Planning a Rail Journey: Where to Go? When? And for How Long?
I’m starting to work on another extended rail tour in Europe. For me, this part of the process is almost as good as actually being there.
Most of the time, my personal preference is to avoid the really big cities and opt instead for smaller towns. Some years back, for instance, my wife and I took the Eurostar from London to Paris, then connected just 90 minutes later with a train that took us to Chartres.
There are only about 45,000 people in Chartres, but the cathedral there is absolutely magnificent. Staggering in size, it’s perfectly preserved and appears today almost exactly the way it looked when it was built some 900 years ago. So Chartres is definitely worth a return visit.
This time, I think d like to spend a few days somewhere in the wine country of Burgundy — Chalon-sur-Saône perhaps. In the morning, I’ll enjoy a pastry and coffee at a little outdoor café on the town square. Then, after a nice lunch, it would be fun to visit two or three of the local wineries.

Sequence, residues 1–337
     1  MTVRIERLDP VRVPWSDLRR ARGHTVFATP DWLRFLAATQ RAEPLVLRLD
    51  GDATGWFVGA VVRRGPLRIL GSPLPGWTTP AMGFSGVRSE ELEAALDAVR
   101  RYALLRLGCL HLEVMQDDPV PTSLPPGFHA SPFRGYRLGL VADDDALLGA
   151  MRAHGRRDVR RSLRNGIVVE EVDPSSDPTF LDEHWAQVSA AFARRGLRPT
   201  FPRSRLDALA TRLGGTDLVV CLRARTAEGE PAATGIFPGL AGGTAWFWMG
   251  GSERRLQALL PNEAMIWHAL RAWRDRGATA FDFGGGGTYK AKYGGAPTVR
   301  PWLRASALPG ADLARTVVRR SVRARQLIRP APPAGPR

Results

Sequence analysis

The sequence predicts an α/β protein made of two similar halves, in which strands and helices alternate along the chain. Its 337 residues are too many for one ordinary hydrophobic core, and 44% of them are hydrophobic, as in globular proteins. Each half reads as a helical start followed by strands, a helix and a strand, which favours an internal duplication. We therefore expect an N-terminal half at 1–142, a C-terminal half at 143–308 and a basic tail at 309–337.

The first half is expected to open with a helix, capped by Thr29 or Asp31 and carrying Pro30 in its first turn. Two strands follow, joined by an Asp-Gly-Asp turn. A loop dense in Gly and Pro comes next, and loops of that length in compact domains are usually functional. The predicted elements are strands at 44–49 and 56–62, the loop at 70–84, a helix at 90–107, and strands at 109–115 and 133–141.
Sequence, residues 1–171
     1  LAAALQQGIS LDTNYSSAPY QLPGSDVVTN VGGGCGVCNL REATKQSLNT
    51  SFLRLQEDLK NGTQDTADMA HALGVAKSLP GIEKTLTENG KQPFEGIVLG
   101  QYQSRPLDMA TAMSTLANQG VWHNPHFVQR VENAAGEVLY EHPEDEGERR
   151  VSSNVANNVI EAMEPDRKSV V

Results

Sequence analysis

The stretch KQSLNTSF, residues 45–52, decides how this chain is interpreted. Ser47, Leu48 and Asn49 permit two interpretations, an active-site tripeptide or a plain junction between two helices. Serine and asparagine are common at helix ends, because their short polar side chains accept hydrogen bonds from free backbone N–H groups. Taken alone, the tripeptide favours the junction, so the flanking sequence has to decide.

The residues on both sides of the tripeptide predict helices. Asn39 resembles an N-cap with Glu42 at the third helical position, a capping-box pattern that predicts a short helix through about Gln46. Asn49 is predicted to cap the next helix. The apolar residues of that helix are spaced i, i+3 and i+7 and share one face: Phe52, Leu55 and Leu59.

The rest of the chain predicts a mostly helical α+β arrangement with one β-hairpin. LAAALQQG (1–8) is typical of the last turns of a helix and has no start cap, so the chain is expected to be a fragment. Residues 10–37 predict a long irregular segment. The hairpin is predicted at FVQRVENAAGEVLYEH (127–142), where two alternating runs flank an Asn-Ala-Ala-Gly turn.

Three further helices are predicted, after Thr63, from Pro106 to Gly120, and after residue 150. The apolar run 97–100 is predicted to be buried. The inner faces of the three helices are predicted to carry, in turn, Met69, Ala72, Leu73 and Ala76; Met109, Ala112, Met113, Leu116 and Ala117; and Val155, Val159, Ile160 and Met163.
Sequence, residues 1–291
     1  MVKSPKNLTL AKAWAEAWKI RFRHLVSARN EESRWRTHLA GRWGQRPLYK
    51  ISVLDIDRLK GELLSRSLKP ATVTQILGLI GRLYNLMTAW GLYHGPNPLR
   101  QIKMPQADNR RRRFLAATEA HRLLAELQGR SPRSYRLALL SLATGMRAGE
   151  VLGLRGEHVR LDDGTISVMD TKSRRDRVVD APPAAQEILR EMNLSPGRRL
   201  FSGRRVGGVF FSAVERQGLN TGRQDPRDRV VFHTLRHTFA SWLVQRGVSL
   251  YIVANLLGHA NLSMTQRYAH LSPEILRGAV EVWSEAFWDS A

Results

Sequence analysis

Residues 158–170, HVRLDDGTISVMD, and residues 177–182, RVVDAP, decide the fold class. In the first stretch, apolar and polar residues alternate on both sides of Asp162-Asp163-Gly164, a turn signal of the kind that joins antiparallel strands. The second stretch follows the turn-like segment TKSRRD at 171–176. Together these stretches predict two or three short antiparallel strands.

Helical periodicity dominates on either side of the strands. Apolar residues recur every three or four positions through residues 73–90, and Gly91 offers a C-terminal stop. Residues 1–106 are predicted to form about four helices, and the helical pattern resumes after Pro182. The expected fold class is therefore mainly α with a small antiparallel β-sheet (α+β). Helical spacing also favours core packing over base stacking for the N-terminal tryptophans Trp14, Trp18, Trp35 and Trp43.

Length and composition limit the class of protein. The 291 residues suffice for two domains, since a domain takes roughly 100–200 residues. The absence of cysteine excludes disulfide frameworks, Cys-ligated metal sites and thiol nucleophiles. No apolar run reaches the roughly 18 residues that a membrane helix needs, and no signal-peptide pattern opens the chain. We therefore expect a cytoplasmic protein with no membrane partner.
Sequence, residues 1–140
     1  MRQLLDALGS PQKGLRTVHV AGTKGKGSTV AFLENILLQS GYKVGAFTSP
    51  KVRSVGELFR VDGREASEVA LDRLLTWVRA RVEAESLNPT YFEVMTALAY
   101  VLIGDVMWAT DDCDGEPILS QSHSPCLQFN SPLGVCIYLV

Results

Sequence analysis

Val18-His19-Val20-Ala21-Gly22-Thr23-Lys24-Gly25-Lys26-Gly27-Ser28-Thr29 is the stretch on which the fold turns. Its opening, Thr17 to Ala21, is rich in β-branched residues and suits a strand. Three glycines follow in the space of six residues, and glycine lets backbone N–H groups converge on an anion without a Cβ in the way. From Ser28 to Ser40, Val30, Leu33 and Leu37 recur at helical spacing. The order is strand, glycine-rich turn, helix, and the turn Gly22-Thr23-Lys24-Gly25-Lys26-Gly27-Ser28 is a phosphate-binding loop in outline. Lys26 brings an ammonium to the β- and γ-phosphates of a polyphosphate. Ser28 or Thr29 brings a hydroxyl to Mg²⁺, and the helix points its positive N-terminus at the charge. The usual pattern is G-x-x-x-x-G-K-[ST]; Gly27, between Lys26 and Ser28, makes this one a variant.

From here I think I’ll head down to the Pyrenees and check out a narrow-gauge rail line running for some 60 miles through the mountains and parallel to the Spanish border.
It’s called Le Petit Train Jaune (the Little Yellow Train) and I’m told it’s a very scenic ride. It sure seems to be, but it will be fun to find out.
Of course, I also want to experience one or two of the long-haul overnight trains, with sleeping cars and sit-down-style restaurant cars. But to where? East to Budapest, perhaps, or south to Barcelona. Or I could head north into Sweden. I have an idea or two, but will wait and consult with someone at Railbookers, a London firm specializing in rail travel. These are the rail travel pros who took care of booking all the trains and hotels and transfers for my train trip across Europe and Asia in 2010.
This is such fun!